David H. Cook of Escanaba, MI, passed away on February 14, 2106, in Houghton, MI, at the age of 72.
Dave cut an unforgettable figure as the Master Machinist in the Department of Physics at Michigan Tech from 1995 to 2005. Here was a man both amiable and always open to new ideas! Some of his more notorious adventures included building a potato gun in accordance with the design by the freshman physics students. This gun was used in class to shoot potatoes across the Portage Canal to learn about propulsion and trajectories. His pencil gun, which he designed and built, used a pencil as a bullet and was able to penetrate a block of wood several inches deep. This gun was used in classes to demonstrate energy and momentum transfer. He was well-known for keeping a “pet mongoose” in his lab, which he often used to test the fear factor of faculty, students and staff. In addition to designing and building scientific instruments, his duties also included research engineering, mechanical design, chemical hygiene and safety. Many remarked that he had the ability to turn a subject as dry as safety into something fun and enjoyable.
Dave actively participated in multiple high profile research and educational outreach projects. He was deeply involved in “The Night Sky Live Project,” the objective of which was to search the night sky for comets, meteors, stars, and supernovas. The “Rockets for Schools” program, which was immensely popular among high school students, became a reality largely due to his efforts.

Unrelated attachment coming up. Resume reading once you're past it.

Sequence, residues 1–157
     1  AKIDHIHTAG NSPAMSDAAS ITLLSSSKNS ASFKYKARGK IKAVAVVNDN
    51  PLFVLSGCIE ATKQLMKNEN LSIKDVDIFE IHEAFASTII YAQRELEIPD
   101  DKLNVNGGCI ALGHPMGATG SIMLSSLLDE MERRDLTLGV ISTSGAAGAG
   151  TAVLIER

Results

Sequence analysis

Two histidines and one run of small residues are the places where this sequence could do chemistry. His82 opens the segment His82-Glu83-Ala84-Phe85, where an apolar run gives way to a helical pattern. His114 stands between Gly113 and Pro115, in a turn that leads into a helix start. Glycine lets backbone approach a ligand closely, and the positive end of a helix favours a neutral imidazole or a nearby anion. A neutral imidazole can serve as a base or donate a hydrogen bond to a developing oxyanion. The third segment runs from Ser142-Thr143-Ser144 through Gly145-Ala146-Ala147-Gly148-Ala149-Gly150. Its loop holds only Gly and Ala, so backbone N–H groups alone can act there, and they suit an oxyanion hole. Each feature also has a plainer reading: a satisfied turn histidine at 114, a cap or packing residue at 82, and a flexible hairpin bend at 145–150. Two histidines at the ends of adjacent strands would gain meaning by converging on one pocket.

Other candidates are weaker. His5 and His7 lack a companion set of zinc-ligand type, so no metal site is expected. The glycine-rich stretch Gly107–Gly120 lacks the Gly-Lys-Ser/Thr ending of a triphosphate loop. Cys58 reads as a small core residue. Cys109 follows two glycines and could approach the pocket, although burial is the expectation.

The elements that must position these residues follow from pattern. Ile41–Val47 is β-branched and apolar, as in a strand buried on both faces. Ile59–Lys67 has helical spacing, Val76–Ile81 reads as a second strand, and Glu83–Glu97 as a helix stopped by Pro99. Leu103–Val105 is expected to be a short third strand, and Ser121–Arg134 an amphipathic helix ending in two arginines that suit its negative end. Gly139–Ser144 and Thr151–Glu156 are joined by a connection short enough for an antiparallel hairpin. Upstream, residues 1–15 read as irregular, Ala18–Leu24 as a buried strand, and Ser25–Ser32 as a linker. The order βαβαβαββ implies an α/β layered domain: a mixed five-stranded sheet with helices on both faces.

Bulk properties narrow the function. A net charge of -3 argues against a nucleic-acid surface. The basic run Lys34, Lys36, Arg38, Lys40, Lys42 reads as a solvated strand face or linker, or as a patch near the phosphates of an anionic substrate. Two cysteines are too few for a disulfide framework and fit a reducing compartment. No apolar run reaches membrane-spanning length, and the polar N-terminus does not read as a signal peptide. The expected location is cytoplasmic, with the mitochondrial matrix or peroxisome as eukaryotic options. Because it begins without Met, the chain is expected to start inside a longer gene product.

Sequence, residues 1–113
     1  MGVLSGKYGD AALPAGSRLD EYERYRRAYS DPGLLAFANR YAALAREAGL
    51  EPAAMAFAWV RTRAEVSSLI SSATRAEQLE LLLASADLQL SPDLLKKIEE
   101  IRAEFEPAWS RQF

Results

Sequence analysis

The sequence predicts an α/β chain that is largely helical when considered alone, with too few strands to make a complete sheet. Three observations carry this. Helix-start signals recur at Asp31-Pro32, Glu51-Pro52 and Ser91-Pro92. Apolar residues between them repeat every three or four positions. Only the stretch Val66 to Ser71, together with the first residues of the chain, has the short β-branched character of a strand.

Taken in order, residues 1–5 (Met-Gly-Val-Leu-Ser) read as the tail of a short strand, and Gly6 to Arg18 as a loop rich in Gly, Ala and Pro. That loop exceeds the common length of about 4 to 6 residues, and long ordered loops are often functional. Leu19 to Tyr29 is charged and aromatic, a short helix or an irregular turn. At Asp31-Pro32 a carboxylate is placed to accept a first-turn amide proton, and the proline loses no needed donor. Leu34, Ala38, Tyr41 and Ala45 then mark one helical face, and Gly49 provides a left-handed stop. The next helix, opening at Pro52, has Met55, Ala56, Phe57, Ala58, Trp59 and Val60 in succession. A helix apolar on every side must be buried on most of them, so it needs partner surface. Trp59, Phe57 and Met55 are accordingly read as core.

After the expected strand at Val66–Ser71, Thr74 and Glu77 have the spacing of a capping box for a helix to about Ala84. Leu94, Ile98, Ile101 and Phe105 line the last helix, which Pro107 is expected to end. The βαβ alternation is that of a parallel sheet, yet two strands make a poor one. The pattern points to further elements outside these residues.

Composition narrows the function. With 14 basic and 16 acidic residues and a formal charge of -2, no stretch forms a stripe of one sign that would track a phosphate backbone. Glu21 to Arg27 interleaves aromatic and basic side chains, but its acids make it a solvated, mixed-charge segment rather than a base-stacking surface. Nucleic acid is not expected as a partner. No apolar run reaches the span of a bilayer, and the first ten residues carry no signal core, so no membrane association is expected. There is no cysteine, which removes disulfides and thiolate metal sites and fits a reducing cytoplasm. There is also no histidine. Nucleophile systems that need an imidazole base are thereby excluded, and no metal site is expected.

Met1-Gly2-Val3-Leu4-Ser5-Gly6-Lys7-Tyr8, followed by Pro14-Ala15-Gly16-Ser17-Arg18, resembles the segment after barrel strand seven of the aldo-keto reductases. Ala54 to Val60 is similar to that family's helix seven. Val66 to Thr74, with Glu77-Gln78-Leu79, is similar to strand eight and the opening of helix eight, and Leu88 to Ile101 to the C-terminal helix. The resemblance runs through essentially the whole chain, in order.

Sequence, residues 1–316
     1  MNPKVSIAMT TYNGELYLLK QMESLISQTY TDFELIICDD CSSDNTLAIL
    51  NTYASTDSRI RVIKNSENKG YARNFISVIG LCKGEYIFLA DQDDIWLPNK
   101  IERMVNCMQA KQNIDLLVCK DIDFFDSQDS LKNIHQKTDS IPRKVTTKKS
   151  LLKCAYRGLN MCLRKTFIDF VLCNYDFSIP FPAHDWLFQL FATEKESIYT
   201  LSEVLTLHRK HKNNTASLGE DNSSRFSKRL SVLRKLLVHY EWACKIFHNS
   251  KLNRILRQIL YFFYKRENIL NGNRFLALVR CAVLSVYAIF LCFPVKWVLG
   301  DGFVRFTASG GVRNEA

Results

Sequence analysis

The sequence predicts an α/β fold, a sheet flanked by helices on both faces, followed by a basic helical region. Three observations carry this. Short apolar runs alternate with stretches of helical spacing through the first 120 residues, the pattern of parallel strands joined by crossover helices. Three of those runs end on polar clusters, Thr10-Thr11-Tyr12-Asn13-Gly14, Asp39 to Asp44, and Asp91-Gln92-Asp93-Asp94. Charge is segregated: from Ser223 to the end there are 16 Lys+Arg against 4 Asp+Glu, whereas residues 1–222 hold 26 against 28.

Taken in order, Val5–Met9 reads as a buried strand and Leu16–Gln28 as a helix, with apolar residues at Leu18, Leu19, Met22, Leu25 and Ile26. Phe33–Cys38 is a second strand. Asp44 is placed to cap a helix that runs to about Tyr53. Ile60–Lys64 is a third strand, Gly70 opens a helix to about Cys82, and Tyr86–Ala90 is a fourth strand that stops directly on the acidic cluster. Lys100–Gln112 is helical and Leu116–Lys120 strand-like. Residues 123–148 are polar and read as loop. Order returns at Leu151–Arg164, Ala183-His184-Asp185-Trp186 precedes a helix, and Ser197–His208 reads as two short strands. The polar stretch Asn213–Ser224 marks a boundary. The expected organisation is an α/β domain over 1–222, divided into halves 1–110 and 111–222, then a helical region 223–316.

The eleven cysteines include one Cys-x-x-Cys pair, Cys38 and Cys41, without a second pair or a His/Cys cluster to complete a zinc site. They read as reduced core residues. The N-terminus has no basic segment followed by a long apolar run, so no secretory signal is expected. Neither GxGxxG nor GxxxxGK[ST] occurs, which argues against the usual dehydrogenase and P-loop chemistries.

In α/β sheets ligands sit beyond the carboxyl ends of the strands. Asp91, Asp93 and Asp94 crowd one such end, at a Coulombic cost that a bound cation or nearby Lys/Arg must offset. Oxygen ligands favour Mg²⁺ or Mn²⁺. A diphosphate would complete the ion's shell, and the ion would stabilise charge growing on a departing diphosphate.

In the department, Dave was one of the greatest advocates for graduate students. Faculty and students would bring him their ideas. Dave understood that the experimental nature of their work might require 25 tries to turn that idea into something precise and functional. He was gifted in his ability to create experimental apparatuses that were so refined and essential that, while students may not always remember all the interesting information told to them by their professors, they were likely to remember the instruments that Dave designed and built. Furthermore, even students who studied theoretical or computational physics for their graduate degrees wanted to take his course on the manufacture of precision instruments.
Dave’s interest in others, his warmth, patience, and sense of humor made him very approachable to the extent that many students sought his advice on home and car repair. He was not only their instructor and machinist, he was also a wonderful, resourceful friend.
Dave was also an outdoorsperson and artisan. He enjoyed hunting, fishing, boating, woodcarving, and gunsmithing. His absence will be felt for many years.
A rich profile and the opportunity to express condolences may be found online.